By Si Melber;
Photographs Marco Campelli & Sebas Romero
IT’S THE SMELL you notice first…
The sweet scent of Medronho hangs heavy
in the morning air in this part of Portugal.
This is Lagos, not the infamous Nigerian
capital but a small holiday town perched
right on the southern tip of the Iberian
peninsula. Battered by the Westerlies that
scud in from the North Atlantic, the burly
Medronho plant hunches close to the ground
to protect its crop of bright red spiky berries
from the heavy showers that in wintertime
lay waste to these normally arid lands.
The fruit tastes a little like strawberries:
more perfumed perhaps and with a
characteristic crunch. The locals use it to
make a potent clear liqueur that warms up
the coldest of winter days.
But today isn’t cold even if it is decidedly
wet at times. Perfect weather perhaps for
testing the new Husqvarna 701s - two brand
new machines in the Husqvarna firmament
and blood brothers of the well-established
KTM 690R, though sufficiently different for
Husky to claim them as new models. I agree.
More significantly perhaps, Husqvarna are
hailing them as the first of a whole raft of
new street bikes that will bear the famous
crown logo. Right now Husqvarna may be
KTM’s scrawnier brother, but Husky is filling
out nicely and developing muscles in all the
right places. Like all great sibling rivalries, I
foresee the day when the cheeky upstart
usurps his more powerful relative and takes
over the role of breadwinner. But that day is
in the future. Today is all about the 701s.
So a 701 Enduro and a 701 Supermoto.
Forget the names, they are a misnomer.
The Enduro is more sport-trail middleweight
Adventure bike with genuine off-road
credentials; the Supermoto more practical
city sportster with a nod toward the hooligan.
Both are rather better than you would
imagine from reading their specs. Both
sufficiently different from the 690 that
spawned them. This is Husqvarna developing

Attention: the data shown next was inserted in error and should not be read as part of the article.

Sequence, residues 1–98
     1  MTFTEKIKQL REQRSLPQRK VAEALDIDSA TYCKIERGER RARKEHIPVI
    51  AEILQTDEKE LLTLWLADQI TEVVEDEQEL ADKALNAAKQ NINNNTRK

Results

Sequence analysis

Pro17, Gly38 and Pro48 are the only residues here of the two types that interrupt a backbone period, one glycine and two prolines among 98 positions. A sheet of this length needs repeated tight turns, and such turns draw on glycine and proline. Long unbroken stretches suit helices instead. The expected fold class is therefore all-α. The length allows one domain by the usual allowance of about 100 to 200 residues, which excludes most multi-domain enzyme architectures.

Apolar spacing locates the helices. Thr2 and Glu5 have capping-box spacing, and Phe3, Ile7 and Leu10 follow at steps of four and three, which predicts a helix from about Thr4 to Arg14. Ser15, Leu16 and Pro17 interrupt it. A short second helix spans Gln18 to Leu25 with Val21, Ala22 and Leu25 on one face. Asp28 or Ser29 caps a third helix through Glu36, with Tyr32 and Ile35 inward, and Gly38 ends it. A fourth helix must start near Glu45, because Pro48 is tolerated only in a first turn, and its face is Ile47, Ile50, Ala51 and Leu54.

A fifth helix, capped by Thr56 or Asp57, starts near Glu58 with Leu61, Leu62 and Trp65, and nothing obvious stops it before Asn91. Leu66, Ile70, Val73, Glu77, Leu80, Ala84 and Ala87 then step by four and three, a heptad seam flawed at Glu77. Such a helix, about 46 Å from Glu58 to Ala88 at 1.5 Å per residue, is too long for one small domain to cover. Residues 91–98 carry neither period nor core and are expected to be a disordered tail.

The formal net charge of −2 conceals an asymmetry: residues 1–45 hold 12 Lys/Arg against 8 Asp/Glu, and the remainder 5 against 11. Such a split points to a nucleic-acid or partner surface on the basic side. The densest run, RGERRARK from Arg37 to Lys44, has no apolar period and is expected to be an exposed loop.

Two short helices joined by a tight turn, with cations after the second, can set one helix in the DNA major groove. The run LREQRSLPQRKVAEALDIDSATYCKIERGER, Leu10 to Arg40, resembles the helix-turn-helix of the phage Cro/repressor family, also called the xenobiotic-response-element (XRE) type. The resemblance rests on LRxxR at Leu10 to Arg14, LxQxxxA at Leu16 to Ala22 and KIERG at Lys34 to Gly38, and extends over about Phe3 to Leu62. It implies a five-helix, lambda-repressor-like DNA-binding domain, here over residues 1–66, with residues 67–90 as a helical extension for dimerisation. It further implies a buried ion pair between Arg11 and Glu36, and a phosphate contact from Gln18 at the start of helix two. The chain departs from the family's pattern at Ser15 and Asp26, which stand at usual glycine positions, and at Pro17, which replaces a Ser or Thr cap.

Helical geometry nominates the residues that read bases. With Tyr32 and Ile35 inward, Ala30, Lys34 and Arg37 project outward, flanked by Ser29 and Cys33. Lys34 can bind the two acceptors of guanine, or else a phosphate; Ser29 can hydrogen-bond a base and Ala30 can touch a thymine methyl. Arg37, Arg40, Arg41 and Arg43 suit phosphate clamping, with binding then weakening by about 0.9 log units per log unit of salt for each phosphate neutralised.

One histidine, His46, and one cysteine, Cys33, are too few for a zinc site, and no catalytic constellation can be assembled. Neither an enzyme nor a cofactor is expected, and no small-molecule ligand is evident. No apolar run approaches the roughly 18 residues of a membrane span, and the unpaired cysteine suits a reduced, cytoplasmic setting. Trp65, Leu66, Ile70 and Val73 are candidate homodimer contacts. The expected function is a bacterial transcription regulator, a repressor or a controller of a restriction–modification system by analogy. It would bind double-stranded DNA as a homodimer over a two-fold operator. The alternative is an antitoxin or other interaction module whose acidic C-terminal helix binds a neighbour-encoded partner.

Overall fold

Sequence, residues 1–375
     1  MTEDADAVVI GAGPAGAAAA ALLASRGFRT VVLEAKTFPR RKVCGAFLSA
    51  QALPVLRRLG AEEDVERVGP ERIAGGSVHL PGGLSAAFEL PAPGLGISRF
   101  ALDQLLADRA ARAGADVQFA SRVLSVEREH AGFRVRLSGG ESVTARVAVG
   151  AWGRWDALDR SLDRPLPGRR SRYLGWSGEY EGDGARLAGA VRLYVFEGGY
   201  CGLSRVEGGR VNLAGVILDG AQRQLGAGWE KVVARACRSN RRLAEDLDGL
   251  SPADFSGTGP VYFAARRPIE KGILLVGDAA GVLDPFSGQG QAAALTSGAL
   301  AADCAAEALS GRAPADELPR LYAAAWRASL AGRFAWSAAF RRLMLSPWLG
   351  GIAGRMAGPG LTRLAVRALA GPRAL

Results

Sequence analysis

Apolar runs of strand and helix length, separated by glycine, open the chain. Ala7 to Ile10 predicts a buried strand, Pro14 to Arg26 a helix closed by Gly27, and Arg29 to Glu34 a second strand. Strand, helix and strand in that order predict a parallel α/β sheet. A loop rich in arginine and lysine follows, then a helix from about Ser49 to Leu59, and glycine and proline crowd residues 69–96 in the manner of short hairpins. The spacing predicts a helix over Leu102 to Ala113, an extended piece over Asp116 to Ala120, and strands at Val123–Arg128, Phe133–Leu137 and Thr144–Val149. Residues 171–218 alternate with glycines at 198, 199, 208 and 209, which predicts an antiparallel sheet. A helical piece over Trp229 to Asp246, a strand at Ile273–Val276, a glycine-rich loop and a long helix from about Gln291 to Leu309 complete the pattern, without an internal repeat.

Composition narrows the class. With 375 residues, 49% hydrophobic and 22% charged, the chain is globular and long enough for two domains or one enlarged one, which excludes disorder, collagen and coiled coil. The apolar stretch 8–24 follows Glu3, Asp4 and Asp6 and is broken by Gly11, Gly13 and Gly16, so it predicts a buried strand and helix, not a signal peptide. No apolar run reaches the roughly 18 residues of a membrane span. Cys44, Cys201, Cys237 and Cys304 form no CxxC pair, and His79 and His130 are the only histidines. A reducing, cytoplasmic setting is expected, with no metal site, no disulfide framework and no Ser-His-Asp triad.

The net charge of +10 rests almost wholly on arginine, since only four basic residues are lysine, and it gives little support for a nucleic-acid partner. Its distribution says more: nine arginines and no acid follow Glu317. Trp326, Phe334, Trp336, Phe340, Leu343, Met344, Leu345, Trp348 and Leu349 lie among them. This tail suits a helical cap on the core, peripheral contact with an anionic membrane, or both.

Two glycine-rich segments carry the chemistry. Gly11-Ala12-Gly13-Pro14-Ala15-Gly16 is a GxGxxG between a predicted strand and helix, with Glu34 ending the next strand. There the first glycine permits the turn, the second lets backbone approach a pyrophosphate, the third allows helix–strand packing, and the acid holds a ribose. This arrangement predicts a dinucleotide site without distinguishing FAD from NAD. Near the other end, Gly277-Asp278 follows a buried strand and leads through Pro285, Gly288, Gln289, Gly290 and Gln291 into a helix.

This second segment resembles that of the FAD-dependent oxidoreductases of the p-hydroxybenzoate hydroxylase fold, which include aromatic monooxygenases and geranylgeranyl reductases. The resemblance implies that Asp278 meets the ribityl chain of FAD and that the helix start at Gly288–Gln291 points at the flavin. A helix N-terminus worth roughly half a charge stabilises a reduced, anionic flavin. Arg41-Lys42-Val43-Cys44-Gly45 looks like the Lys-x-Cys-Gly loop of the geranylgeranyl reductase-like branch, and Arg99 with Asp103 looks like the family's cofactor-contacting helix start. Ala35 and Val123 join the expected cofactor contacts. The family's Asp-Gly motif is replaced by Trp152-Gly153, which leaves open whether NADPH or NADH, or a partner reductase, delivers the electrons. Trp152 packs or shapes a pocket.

maturity which - it could be argued, for
the second oldest motorcycle manufacturer
still in continuous production - might have
been slightly late arriving.
Like all cross-platform machines built in
Mattighoffen in Austria, the Husky 701 and
KTM 690 share the same underlying
engineering and basic platform.
The difference lies in the way the brands
interpret their market positioning. I had
expected Husqvarna to be sold as the
premium brand - much as the parent
company did with Husaberg - but chatting
with the product manager at the launch,
this friendly South African informed me that
they were steadily positioning Husqvarna
as the meat course on the braii, with KTM
providing the spicy accompaniments.
My words… not his.
When you look at this from a business
perspective it would seem to make perfect
sense. Husqvarna has the history, the name
and the better brand awareness around the
globe, so why not make the product with the
broadest appeal a Husqvarna, and leave
KTM to the purists? How this translates in
terms of machinery can perhaps best be
summed up by the difference in suspension
between the two brands. You probably
already know that Husky use a slightly
different version of WP suspension
compared with KTM (4CS forks and a rear
linkage in this case), well the Husky 701 has
275mm of suspension travel whilst the KTM
690 EnduroR sports 250mm (an extra inch
of travel in the Husky’s case). That
makes the Husky plusher and slightly
more compliant - more in keeping
with its all-round appeal. The KTM
by contrast uses a firmer set-up,
more broadly in line with its ‘ready
to race’ ethos.
And naturally enough, the
differences don’t end there.
Husqvarna always like to give
their bikes a better fuel range
(compared with KTM), so the 701
houses an extra 1.4 litres of fuel in its
under-seat tank (built into the composite
rear subframe), whilst subtle ignition mods